The Merc — historical trivia

[from Wikipedia]

The Chicago Mercantile Exchange (CME) (often called “the Chicago Merc,” or “the Merc”) is an American financial and commodity derivative exchange based in Chicago and located at 20 S. Wacker Drive. The CME was founded in 1898 as the Chicago Butter and Egg Board, an agricultural commodities exchange.

Trading platforms

Trading is conducted in two methods; an open outcry format and the CME Globex electronic trading platform. Approximately 80 percent of total volume at the exchange occurs electronically on CME Globex.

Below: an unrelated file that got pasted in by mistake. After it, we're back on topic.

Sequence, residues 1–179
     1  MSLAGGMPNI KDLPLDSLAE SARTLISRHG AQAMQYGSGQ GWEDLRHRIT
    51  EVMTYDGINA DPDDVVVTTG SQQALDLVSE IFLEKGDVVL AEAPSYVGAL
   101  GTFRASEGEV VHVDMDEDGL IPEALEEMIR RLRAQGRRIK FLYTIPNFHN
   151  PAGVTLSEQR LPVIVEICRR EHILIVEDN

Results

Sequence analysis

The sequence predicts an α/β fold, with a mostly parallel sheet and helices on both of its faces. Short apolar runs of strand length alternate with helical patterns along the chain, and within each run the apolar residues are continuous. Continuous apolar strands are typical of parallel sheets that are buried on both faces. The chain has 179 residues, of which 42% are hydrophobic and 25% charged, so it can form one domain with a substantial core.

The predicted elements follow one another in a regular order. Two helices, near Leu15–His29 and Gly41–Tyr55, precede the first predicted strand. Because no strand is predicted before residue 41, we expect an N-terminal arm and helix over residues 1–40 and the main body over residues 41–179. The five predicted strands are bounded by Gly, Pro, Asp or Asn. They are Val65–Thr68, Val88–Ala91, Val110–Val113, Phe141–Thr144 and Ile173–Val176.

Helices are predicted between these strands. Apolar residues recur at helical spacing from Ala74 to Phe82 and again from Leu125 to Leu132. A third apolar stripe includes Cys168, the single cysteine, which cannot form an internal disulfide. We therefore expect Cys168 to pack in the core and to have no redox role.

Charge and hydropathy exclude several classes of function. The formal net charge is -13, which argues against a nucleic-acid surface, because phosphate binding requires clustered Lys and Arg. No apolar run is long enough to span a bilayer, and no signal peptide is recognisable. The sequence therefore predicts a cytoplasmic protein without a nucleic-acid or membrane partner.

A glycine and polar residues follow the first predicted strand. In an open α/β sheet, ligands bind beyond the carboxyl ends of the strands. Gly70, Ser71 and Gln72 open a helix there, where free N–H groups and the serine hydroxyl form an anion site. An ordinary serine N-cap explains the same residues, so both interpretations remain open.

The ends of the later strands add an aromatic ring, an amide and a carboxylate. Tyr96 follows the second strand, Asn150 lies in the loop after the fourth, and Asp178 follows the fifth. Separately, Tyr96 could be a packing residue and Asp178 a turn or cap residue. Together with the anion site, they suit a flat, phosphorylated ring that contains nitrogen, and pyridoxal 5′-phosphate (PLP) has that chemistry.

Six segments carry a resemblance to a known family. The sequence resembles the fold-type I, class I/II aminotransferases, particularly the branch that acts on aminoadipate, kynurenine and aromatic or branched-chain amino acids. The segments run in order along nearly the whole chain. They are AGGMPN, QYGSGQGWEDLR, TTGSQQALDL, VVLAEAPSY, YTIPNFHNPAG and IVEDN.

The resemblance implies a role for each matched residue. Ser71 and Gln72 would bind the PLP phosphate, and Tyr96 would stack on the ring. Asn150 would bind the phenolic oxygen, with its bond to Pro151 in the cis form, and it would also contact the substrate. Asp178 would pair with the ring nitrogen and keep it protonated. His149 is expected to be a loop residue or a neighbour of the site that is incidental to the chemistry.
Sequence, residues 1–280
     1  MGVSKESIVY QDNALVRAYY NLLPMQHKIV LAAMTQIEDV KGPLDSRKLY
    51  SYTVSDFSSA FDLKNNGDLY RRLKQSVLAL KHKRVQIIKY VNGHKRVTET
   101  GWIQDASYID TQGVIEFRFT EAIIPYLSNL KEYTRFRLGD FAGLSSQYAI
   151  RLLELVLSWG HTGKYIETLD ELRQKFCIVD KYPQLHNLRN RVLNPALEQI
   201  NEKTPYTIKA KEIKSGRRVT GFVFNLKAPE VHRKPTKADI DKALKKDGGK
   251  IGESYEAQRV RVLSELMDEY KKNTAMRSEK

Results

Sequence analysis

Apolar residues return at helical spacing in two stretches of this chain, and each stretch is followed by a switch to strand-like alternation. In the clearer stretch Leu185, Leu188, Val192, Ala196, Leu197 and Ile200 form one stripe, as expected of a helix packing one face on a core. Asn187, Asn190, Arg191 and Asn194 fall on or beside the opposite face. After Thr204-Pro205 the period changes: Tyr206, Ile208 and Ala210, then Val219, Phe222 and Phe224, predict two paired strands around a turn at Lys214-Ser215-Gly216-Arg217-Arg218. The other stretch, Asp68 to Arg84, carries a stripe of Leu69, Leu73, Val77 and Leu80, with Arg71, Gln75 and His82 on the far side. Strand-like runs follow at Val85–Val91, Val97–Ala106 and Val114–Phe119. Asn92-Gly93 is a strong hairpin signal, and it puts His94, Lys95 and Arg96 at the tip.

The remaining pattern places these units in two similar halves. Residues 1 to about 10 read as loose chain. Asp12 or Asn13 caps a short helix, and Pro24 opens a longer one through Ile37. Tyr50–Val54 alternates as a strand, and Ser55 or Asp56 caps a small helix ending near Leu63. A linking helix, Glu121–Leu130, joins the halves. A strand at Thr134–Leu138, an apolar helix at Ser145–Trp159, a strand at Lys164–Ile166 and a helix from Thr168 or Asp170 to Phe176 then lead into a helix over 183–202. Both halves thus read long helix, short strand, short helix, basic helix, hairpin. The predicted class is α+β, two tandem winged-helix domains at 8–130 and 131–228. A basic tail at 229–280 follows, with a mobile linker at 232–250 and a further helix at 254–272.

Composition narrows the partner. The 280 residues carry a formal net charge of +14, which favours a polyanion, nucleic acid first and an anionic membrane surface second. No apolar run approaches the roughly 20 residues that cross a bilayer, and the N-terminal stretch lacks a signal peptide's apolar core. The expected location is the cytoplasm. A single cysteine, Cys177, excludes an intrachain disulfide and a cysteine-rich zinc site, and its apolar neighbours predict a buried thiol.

Open Outcry

Operating during regular trading hours (RTH), the open outcry method consists of floor traders standing in a trading pit to call out orders, prices, and quantities of a particular commodity. Different colored jackets are worn by the traders to indicate their function on the floor (traders, runners, CME employees, etc.). In addition, complex hand signals (called Arb) are used. These hand signals were first used in the 1970s. The pits are areas of the floor that are lowered to facilitate communication, sort of like a miniature amphitheater. The pits can be raised and lowered depending on trading volume. To an onlooker, the open outcry system can look chaotic and confusing, but in reality the system is a tried and true method of accurate and efficient trading.

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